US judge approves Holocaust settlement for Italian insurance claims

[JURIST] US District Judge George B. Daniels [official profile] on Tuesday approved a proposed settlement of a class action lawsuit brought by Holocaust [JURIST news archive] survivors against Italian insurance company Assicurazioni Generali [corporate website]. Under the terms of the settlement, the insurance company will accept new claims until March 31, 2008. The deadline might be extended to August 31, 2008 when the Bad Arolsen Archive [BBC backgrounder] in Germany is opened, if documents are revealed that give rise to additional claims. According to the class action website, the suit against the company alleged that it has refused to honor insurance policies sold to the Holocaust era victims prior to and during the Holocaust. Generali has already paid an estimated $135 million to settle claims related to the class action. AP has more.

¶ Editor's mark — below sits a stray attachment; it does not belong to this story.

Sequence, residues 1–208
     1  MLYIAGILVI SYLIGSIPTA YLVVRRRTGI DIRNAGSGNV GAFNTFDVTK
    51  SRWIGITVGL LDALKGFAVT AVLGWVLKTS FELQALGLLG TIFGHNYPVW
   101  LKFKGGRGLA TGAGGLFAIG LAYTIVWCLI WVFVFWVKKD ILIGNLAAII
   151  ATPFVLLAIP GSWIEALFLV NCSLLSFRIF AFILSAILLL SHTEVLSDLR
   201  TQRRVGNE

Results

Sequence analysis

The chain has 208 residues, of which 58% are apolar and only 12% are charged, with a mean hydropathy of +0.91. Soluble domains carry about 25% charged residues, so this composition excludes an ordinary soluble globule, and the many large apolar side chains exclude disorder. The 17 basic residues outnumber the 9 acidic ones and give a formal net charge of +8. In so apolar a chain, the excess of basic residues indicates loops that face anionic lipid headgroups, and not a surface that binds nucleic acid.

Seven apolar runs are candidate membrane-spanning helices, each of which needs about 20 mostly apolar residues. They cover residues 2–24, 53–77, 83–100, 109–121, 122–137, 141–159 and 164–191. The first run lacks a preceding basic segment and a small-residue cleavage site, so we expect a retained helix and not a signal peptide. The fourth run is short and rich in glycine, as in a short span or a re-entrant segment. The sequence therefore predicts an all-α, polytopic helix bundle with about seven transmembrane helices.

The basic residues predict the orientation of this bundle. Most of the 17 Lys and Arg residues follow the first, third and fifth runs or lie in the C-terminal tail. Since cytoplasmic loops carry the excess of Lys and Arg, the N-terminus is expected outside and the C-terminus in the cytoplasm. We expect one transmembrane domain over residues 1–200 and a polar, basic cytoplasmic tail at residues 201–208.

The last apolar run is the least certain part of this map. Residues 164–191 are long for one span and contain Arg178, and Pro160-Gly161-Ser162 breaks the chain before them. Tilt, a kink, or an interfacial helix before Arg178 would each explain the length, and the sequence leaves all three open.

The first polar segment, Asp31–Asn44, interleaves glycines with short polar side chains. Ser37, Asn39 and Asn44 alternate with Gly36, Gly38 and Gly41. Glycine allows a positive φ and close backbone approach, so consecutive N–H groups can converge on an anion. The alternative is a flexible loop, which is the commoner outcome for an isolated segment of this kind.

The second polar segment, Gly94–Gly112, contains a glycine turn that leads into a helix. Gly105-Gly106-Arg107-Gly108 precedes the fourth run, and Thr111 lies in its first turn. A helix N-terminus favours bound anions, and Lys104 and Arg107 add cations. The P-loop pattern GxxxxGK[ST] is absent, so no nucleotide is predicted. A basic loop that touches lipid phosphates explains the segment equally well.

US federal courts have presided over several other significant Holocaust settlements in recent years. In April 2005, a district judge approved a $21.9 million award [JURIST report] to heirs of families whose bank holdings were allegedly concealed and stolen by Swiss banks looking to gain favor with invading Nazis, and a district judge in March 2005 approved a $25.5 million settlement [JURIST report] between Hungarian Holocaust survivors and the US government over a train seized by the US Army in 1945 that was filled with gold, art, and other property, valued at the time between $50 million and $200 million.



 

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